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CAMDEN'S "BRITANNIA" BRITAIN: or a chorographical description of the most flourishingKingdomes, England, Scotland and Ireland, and the Ilands adioyning;out of the depth of Antiquitie: beautified with Mappes of the severallShires of England; Written first in Latine by William Camden,Clarenceux K. of A. Translated newly into English by Philémon Holland.Londini, Impensis Georgii Bishop & Joannis Norton, M.DC.X. There is no more... more...

INTRODUCTORY The habit, to which we are so much addicted, of writing books about other people who have written books, will probably be a source of intense discomfort to its practitioners in the twenty-first century. Like the rest of their kind, they will pin their ambition to the possibility of indulging in epigram at the expense of their contemporaries. In order to lead up to the achievement of this desire they will have to work in the... more...

DEDICATION. MY DEAR WILLIAM ARCHER, Severe and ruthlessly honest man that you are, you will find that the levities and the gravities of this book do not accord, and will say so. I plead only that they were written at intervals, and in part for recreation, during years in which their author has striven to maintain a cheerful mind while a popular philosophy which he believed to be cheap took possession of men and translated itself into... more...

I SKETCH OF THE LIFE OF THE PERSIAN POET SAADI—CHARACTER OF HIS WRITINGS—THE “GULISTÁN”—PREFACES TO BOOKS—PREFACE TO THE “GULISTÁN”—EASTERN POETS IN PRAISE OF SPRINGTIDE. It is remarkable how very little the average general reader knows regarding the great Persian poet SaádГѓ­ and his writings. His name is perhaps more or less familiar to casual readers from its... more...

SAINT AUGUSTINE The Confessions of St. Augustine are the first autobiography, and they have this to distinguish them from all other autobiographies, that they are addressed directly to God. Rousseau's unburdening of himself is the last, most effectual manifestation of that nervous, defiant consciousness of other people which haunted him all his life. He felt that all the men and women whom he passed on his way through the world were at watch... more...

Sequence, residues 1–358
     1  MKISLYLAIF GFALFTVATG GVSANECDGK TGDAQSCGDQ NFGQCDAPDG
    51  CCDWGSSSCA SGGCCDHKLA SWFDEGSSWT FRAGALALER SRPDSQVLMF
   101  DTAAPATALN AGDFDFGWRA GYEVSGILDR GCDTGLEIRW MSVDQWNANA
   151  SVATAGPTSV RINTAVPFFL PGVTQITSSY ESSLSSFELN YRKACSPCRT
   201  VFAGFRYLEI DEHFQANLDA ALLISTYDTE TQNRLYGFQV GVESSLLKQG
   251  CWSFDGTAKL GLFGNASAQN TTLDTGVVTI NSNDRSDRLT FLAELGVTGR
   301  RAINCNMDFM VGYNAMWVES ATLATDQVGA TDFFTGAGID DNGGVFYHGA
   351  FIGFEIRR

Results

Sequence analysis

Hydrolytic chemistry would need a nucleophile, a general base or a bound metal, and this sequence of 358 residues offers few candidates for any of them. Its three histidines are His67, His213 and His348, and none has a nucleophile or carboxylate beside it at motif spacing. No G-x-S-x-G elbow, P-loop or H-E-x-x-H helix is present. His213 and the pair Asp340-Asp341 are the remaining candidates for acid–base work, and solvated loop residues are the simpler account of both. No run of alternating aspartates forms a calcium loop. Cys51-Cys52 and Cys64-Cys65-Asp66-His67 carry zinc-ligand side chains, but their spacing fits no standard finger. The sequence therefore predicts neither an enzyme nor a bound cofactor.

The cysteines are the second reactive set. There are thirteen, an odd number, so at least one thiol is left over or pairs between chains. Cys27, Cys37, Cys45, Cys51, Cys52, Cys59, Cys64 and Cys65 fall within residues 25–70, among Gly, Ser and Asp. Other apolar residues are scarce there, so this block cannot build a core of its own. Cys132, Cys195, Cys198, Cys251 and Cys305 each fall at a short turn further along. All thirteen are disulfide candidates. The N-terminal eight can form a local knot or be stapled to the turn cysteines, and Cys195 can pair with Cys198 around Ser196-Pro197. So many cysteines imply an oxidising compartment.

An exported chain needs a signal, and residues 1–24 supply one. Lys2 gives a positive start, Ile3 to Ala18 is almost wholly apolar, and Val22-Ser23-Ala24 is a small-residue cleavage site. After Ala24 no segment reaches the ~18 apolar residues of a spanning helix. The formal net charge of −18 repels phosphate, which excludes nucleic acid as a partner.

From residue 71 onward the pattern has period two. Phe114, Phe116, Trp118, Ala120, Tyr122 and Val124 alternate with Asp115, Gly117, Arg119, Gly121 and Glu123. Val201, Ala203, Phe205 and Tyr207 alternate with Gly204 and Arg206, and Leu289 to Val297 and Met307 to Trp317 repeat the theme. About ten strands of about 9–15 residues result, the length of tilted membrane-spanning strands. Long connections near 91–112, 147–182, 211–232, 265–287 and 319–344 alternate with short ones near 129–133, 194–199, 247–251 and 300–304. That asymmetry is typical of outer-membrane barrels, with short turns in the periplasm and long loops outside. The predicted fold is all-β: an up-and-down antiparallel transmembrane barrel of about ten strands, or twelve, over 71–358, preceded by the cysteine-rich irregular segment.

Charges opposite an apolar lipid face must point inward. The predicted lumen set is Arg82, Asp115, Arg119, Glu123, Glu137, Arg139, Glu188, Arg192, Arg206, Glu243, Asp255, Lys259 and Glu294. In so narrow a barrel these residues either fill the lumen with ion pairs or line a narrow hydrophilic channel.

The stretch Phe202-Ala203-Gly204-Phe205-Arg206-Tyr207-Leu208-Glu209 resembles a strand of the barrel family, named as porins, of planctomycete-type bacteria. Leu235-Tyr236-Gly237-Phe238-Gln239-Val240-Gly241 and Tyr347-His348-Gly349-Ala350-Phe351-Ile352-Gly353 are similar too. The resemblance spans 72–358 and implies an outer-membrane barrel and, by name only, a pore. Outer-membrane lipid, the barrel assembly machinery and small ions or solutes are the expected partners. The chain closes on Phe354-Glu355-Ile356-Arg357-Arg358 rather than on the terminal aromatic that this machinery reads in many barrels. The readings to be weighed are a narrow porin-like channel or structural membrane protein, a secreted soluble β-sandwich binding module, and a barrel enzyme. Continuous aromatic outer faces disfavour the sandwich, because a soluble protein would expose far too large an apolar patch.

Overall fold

It seems to me that it was far from right for the Professor of English Literature in Yale, the Professor of English Literature in Columbia, and Wilkie Collins to deliver opinions on Cooper's literature without having read some of it. It would have been much more decorous to keep silent and let persons talk who have read Cooper. Cooper's art has some defects. In one place in 'Deerslayer,' and in the restricted space of two-thirds of a page,... more...

BJÖRNSTJERNE BJÖRNSON I Björnstjerne Björnson is the first Norwegian poet who can in any sense be called national. The national genius, with its limitations as well as its virtues, has found its living embodiment in him. Whenever he opens his mouth it is as if the nation itself were speaking. If he writes a little song, hardly a year elapses before its phrases have passed into the common speech of the people; composers... more...

ALEXANDRE DUMAS Alexandre Dumas is a writer, and his life is a topic, of which his devotees never weary.  Indeed, one lifetime is not long enough wherein to tire of them.  The long days and years of Hilpa and Shalum, in Addison—the antediluvian age, when a picnic lasted for half a century and a courtship for two hundred years, might have sufficed for an exhaustive study of Dumas.  No such study have I to offer, in the brief... more...

[3] THE making of an anthology of English prose is what must have occurred to many of its students, by way of pleasure to themselves, or of profit to other persons. Such an anthology, the compass and variety of our prose literature being considered, might well follow exclusively some special line of interest in it; exhibiting, for instance, what is so obviously striking, its imaginative power, or its (legitimately) poetic beauty, or again, its... more...

POSTSCRIPT This book is now reprinted without addition or change, except in a few small details. If it had to be written over again, many things, no doubt, would be expressed in a different way. For example, after some time happily spent in reading the Danish and other ballads, I am inclined to make rather less of the interval between the ballads and the earlier heroic poems, and I have learned (especially from Dr. Axel Olrik) that the Danish... more...